Evict Radon, being a non-profit/advocacy organization, is actively transitioning into the public health sector. By bringing awareness to the local and eventually global population, Evict Radon plans to protect the public from potentially preventable cancers caused by radon emissions.
Public Health Sector
The public health sector protects the economy from terrorism, infectious disease outbreaks, and natural disasters. With the majority of the sector’s assets being privately owned and operated, collaboration and information sharing between the public and private sectors is essential to increasing resilience of the public health infrastructure. The public health administration has a market NAICS code of 923120, which states that “this industry comprises government establishments primarily engaged in the planning, administration, and coordination of public health programs and services, including environmental health activities, mental health, categorical health programs, health statistics, and immunization services. Government establishments primarily engaged in conducting public health-related inspections are included in this industry.” (2017 NAICS Definition).
However, marketing itself is not well understood in the public health sector. As the relationships and collaborations between businesses and private and government public health organizations grow stronger, marketing strategies are beginning to increase in many of the public health sectors (Bernhardt, 2006). The four functional categories of marketing can still be followed in both non-profit and public health organizations. These categories include product design, research and development, product production and packaging, product distribution and customer relationship management (Bernhardt, 2006). There is an importance in linking customer research to effective marketing programs, as well as access to audience-specific databases for developing messages and campaigns (Bernhardt, 2006). This can be true for non-profit marketing strategies as well – with an emphasis on communication and relationship building.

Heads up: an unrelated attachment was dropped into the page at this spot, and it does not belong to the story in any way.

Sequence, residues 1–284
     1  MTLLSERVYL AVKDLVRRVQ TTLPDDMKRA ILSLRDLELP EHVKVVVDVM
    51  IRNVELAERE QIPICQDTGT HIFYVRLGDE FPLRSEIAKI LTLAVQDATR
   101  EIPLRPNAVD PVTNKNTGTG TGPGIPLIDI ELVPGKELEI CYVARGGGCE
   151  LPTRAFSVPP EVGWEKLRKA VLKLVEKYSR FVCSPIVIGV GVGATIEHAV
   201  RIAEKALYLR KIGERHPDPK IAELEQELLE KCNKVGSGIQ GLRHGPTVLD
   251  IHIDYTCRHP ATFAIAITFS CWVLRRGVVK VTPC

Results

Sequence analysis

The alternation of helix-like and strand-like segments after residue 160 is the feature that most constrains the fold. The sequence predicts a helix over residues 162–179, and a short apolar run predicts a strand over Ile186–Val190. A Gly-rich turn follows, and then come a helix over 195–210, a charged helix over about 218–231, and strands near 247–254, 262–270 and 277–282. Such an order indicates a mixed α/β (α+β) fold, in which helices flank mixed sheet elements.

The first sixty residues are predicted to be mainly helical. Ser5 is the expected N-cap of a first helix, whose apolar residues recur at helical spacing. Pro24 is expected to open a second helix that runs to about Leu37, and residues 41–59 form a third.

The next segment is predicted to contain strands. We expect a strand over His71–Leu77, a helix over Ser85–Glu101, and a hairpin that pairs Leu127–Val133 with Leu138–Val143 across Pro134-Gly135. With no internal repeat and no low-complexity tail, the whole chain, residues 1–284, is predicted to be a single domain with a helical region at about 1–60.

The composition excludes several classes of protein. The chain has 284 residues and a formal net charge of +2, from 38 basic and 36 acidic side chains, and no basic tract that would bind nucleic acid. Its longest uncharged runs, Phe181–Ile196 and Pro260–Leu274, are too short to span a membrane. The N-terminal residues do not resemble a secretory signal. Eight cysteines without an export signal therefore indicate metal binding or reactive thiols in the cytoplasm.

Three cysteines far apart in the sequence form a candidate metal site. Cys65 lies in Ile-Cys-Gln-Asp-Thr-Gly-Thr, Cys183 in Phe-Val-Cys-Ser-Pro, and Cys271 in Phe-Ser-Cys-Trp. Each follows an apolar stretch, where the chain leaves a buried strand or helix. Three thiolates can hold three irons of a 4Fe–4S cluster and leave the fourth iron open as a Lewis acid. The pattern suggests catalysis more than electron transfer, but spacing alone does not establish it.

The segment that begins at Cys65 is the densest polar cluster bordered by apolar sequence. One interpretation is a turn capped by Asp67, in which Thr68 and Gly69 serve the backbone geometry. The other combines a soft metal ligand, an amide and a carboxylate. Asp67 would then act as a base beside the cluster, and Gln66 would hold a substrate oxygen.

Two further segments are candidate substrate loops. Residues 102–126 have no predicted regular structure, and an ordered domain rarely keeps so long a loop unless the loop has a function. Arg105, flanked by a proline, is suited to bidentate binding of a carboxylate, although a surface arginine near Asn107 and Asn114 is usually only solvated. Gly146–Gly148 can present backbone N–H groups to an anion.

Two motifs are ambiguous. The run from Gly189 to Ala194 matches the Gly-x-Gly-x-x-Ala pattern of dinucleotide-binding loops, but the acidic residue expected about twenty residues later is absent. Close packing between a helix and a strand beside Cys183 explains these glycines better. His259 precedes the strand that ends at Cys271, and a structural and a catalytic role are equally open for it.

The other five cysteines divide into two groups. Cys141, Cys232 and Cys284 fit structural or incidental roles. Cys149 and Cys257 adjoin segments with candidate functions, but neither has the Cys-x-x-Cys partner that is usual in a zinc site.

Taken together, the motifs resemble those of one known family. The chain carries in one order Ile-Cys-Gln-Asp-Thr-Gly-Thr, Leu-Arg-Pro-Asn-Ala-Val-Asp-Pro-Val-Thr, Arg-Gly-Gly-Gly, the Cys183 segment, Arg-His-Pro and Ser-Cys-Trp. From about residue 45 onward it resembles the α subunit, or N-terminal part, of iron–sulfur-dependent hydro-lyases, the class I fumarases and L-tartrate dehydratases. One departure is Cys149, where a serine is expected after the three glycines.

Like the healthcare industry, the public health sector has a very broad range of customers, with services delivered in the home, the community, the workplace, and in healthcare facilities. The customers benefiting from the public health sector include, but are not limited to, infants and children, middle aged men and women, and the elderly of all backgrounds and socioeconomic statuses. It is through health marketing and understanding the diverse customer population that the public health sector can achieve their vision; a world where all people actively use accessible, accurate, relevant, and timely health information and interventions to protect and promote their health and the health of their families and communities (Bernhardt, 2006).
- Bernhardt J. M. (2006). Improving health through health marketing. Preventing chronic disease, 3(3), A73.
- Evict Radon. (2019). Who are we? Retrieved from https://evictradon.ca/about/
- Fritz, Joanne. (2019). How nonprofits generate revenue streams. Retrieved from https://www.thebalancesmb.com/where-do-nonprofits-get-their-revenue-2502011
- Fyall, R., & Allard, S. W. (2016). Nonprofits and political activity: A joint consideration of the political activities, programs, and organizational characteristics of social service nonprofits. Human Service Organizations: Management, Leadership & Governance, 1, 26. doi: 10.1080/23303131.2016.1267054
- Macindoe, Heather & Beaton, Erynn. (2018). Friends or Foes? How Managerial Perceptions of the Political Opportunity Structure Shape Nonprofit Advocacy. Public Performance & Management Review. 1-31. 10.1080/15309576.2018.1498362.
- North American Industry Classification System. (2017). United States Census Bureau. Retrieved from https://www.census.gov/cgi-bin/sssd/naics/naicsrch?code=923120&search=2017%20NAICS%20Search
- Shin, C. (2016). Understanding competition and partnerships in the nonprofit sector. Retrieved from https://nonprofithub.org/human-resources/understanding-competition-partnerships-nonprofit-sector-ft-derrick-feldmann/